Why does the church remain silent in the face of genocide perpetrated against Christians in Iraq, Syria, Sudan, Nigeria, Pakistan, and other Islamic nations? Such silence violates many biblical admonitions:
- Amos 5:14-15 Seek good, not evil, that you may live. Then the Lord God Almighty will be with you, just as you say he is. Hate evil, love good; maintain justice in the courts…
- Isaiah 1:16-17 …Cease to do evil, Learn to do good; Seek justice, rebuke the oppressor; defend the fatherless, plead for the widow.
- Have nothing to do with the fruitless deeds of darkness, but rather expose them. Ephes. 5:11
- "The King will reply, 'I tell you the truth, whatever you did for one of the least of these brothers of mine, you did for me.' Then he will say to those on his left, 'Depart from me, you who are cursed, into the eternal fire prepared for the devil and his angels. For I was hungry and you gave me nothing to eat, I was thirsty and you gave me nothing to drink, I was a stranger and you did not invite me in, I needed clothes and you did not clothe me, I was sick and in prison and you did not look after me.'” (Matthew 25:40-43)
However, we find many excuses, even “biblical” ones, to justify our inactivity. We’ve all have heard it said,
- Well, I’m not going to look for a job. Instead, I’m trusting that God will find me one. After all, we do the works He has ordained for us to do (Eph. 2:10).
Dr. Joel McDormun presents several reasons why the Evangelical church has been silent in the face of this present genocide. Here’s one of those reasons:
- Believe the world will inevitably come under the grips of tyrannical one-world government, and the Middle East in fire and blood, and this is the God-ordained way it should be.
Well, this genocide might certainly be ordained by God, but everything that happens has also been ordained by Him (Eph. 1:11). This doesn’t mean that He has caused everything. But certainly, at the least, He has allowed them! This is an unavoidable conclusion in view of God’s attributes. If He is all-knowing, then He knew beforehand what would happen. If He is all-powerful – and He is – then He could have stopped it.
To illustrate this principle, God knew all about Hitler before He came to power, even before he was born. Also, He had the power to stop him, but He didn’t. However, troubling this conclusion might be, it is an unavoidable conclusion. Although we can’t understand this in its entirety, God has His reasons.
However, there are things that we do understand! Simply because God allowed (ordained) Hitler, it doesn’t mean that we shouldn’t resist him and other forms of evil. Even though God allows injustice, genocide, and other horrors, our role remains clear – to challenge and expose these evils!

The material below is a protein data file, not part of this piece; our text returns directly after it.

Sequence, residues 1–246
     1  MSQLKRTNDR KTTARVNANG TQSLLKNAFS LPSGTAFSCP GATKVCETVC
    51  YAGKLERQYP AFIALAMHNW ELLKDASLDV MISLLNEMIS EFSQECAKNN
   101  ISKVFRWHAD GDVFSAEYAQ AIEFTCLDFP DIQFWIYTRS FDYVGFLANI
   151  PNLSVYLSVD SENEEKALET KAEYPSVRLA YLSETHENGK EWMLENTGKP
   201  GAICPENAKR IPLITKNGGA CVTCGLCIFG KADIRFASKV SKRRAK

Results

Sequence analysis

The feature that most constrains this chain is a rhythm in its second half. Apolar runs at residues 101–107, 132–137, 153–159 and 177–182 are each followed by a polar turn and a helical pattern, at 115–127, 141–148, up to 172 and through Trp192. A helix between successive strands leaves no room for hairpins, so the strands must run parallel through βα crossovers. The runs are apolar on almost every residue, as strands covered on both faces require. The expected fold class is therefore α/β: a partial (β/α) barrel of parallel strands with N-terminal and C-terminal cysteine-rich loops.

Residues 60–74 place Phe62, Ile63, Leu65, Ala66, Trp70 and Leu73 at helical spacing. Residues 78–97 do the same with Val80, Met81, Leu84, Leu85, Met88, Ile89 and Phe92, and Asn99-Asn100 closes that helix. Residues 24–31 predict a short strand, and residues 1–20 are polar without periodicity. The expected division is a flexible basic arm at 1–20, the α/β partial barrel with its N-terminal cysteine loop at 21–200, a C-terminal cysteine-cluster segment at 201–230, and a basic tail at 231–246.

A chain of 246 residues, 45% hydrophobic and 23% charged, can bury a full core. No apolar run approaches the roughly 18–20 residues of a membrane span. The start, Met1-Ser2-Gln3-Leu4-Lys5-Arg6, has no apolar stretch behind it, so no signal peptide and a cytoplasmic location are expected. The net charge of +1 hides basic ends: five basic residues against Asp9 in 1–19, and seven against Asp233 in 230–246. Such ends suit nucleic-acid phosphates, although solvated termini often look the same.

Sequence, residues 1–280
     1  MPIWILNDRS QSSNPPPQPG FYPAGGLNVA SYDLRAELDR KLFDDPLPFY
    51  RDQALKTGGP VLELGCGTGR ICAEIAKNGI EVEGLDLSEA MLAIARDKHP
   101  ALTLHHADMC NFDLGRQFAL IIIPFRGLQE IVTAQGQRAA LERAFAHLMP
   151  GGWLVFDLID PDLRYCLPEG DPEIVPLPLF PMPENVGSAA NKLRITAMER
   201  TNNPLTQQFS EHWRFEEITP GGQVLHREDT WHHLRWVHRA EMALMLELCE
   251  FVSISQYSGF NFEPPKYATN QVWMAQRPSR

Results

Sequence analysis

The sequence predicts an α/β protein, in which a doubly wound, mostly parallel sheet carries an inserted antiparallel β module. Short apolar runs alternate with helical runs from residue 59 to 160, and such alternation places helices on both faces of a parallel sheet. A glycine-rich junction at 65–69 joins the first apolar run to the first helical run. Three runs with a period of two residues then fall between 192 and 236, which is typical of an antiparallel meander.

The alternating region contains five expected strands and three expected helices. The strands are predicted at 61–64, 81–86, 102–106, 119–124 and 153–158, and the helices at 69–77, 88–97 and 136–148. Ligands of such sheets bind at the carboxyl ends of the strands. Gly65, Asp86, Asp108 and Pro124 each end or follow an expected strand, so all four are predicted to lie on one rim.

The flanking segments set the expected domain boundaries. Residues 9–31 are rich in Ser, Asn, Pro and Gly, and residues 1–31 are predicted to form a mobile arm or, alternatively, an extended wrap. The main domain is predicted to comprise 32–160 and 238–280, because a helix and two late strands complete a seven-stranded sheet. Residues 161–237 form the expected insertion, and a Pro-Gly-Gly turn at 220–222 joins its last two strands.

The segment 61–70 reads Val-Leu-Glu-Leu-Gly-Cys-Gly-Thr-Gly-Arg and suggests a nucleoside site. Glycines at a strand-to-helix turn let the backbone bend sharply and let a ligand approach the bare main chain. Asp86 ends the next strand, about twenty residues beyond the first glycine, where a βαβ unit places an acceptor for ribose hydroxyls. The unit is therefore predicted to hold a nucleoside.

What does it mean to trust God? To trust in His Word and to do what He tells us to do! Therefore, trusting isn’t a matter of sitting back and waiting for a job to magically come to us. Instead, trusting involves doing and taking full responsibility for the things we are instructed to do, trusting that our Lord will work through our efforts and intentions.
Trusting doesn’t mean giving up on the world because it is evil or because we are nearing the end. Instead, even more, it means shining the light of His wisdom and mercy through our lives.
Some pastors are afraid that taking “political” stances detracts from the presentation of the Gospel. Columnist Cal Thomas had wrongly taken issue with the late Chuck Colson of Prison Fellowship regarding his activism:
- Real power doesn’t reside in Washington. Real power is Christ within you. Surely the Gospel is a more effective tool than the Republican or the Democratic Party. Just one example: More babies are being saved through pregnancy help centers than through anything Washington has done.
Yes, I agree that our main priority should be Gospel and saving souls. However, demonstrating our love for our brethren is central to the Gospel and evangelism:
- "A new command I give you: Love one another. As I have loved you, so you must love one another. By this all men will know that you are my disciples, if you love one another." (John 13:34-35)
If we are concerned about transforming lives, we have to show the world our love for our brethren. How else can they take us seriously! Such love is not expressed through neglect:
- "My prayer is…that all of them may be one [in love], Father, just as you are in me and I am in you. May they also be in us so that the world may believe that you have sent me.” (John 17:20-21)
By failing to speak up for our persecuted brethren, the world will wonder about our love and doubt the Gospel message.
Let us therefore pray that the Lord will use us accordingly. Also, we cannot close our ears to the cries of the brethren. We might want to familiarize ourselves with the issues. Raymond Ibrahim writes extensively on this subject.
You might also want to share these links and talk to your church leadership about promoting this issue.